Friday 16 November 2007

Darkness Rules at Daniel Boulud Brasserie

Daniel Boulud Brasserie at the Wynn
Las Vegas Resort and Country Club
Las Vegas, NV USA

Where is it?

This fantastic restaurant overlooks the Wynn Hotel's lagoon, which sits on the south side of the hotel. Just follow the signs to the lagoon and head to the bottom level of the hotel.

Once inside, go to the very back of the place to find the toilets. It's one of those restaurants that occupies a long, narrow space (to supply diners with solid views of the lagoon and its somewhat psychedelic nightly light show -- which features some nifty singing animatronics, fancy lighting effects, piped-in music and the like), so to get there you'll enter the restaurant, pass the greeter's counter, head through the two-tiered dining room, and enter a dimly lit hallway in the back of the place (it's adjacent to the kitchen entrance). Head all the way to the back of that hallway to find the bathrooms.

What's it like?

As I said, this is an outstanding French restaurant, offering the creations of a chef that many consider to be one of the best in the USA. The menu consists of traditional brasserie fare, with a touch of Americanism thrown in. There's a hamburger here that's stuffed with foie gras and braised beef short ribs, a succulent beef en daube, tantalizing 32 oz ribeye, delicious crock of Belgian-style mussels, an outrageously delicious homemade charcuterie platter and more. Fantastic food -- and set in a boisterous but friendly neo-Roman-inspired dining room (lots of columns and arched enclaves) that overlooks the aforementioned. (It also happens to be reasonably priced by Las Vegas Strip standards. Our meal came to $140 for four full courses with wine, which isn't that bad for this tourist mecca, if you think about it.)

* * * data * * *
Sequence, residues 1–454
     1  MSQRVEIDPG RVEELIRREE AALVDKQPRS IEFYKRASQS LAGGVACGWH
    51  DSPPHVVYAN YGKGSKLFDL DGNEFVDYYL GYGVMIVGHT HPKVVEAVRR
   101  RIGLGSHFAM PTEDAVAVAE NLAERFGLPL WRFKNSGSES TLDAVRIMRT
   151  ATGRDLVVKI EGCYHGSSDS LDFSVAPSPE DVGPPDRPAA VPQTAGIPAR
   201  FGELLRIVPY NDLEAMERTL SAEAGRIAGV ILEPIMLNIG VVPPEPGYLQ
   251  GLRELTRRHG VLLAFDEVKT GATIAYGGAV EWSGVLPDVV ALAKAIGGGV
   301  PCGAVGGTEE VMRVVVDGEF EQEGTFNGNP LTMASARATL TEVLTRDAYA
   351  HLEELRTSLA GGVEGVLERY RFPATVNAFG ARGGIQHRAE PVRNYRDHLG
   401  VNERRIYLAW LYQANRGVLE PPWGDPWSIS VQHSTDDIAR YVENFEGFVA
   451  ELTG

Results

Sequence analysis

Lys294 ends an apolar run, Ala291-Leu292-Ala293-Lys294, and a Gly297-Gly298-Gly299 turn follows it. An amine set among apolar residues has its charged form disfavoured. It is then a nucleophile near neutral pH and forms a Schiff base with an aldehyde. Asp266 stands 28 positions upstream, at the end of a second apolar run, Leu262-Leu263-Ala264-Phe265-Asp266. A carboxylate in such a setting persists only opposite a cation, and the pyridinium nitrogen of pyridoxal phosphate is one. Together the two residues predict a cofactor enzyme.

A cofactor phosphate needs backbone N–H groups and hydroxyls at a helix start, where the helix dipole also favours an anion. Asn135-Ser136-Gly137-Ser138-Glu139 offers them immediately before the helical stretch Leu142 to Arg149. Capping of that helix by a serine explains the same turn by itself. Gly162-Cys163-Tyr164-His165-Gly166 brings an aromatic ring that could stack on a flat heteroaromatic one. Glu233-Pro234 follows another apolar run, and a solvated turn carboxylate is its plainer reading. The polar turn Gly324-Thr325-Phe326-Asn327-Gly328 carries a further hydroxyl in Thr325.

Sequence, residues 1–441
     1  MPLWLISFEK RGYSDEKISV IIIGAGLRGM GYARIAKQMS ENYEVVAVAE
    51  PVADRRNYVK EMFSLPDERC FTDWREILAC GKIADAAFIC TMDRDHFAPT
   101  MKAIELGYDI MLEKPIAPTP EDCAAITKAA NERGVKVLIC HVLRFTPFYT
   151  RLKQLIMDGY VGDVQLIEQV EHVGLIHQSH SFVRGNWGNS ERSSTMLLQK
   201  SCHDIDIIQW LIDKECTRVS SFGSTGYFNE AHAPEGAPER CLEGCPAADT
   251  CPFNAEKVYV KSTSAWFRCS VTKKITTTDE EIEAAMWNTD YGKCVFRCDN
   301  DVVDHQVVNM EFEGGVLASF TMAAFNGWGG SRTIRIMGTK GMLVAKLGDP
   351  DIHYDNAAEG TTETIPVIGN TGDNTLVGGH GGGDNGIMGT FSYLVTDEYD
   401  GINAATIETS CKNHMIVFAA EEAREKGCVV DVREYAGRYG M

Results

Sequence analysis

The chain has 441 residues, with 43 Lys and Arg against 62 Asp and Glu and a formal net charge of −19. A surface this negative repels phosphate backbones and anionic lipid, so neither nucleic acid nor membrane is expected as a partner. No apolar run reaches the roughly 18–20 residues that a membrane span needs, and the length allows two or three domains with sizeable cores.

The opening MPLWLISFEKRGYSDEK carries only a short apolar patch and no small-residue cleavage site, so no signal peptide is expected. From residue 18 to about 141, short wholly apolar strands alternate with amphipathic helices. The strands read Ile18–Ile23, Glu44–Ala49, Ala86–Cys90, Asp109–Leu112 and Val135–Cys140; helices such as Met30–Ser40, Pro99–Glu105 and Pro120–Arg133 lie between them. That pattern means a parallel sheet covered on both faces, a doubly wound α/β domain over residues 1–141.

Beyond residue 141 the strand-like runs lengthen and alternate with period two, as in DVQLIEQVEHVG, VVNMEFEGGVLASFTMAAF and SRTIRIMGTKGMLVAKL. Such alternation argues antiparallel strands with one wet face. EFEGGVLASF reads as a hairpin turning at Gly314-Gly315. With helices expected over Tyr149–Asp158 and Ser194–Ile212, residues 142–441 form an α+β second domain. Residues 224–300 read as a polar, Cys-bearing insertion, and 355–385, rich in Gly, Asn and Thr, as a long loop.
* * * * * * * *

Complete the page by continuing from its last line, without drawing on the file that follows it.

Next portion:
Of course, the restaurant is dimly lit, and while that makes for a more elegant setting, it creates a slightly off-putting effect in the bathrooms. Because they are at the back of the restaurant, and at the end of a hallway, the bathrooms here tend to serve as a net for all the noise coming from the kitchen and dining room. This makes for a bit of a noisy bathroom-going experience.

Don't get me wrong: These are elegant facilities. The walls and floor are single color slabs of sleek color. The toilet stalls (like at other Strip-restaurant hotel bathrooms) are fully separated rooms. The vanity is a stylish metallic counter featuring two trough-like sinks and a giant mirror behind it. The urinals are mounted to the walls in a way that heightens the sheerness of the walls (like they are in Okada, also in the Wynn). The decor is spare but appropriate -- dried tree branches dangle beside the vanity and in a few other spaces, adding to the minimalism portrayed here.

Yet it's dim and loud, and when those characteristics are coupled they make the place feel a little too busy for business, if you know what I mean. The effect is even worse when another person is in the room with you -- all that noise and dim lighting make you feel like you're surrounded and ultimately prove to be a bit suffocating. This is a classic case of design not being able to overcome the obstacles against it.

Marks out of 10:

7. A very nice bathroom. It just falls prey to the elements around it.

Comments to the Management:

The decor is great, as are the facilities. You just need to create a greater sense of isolation here. Dim lighting alone doesn't do it.

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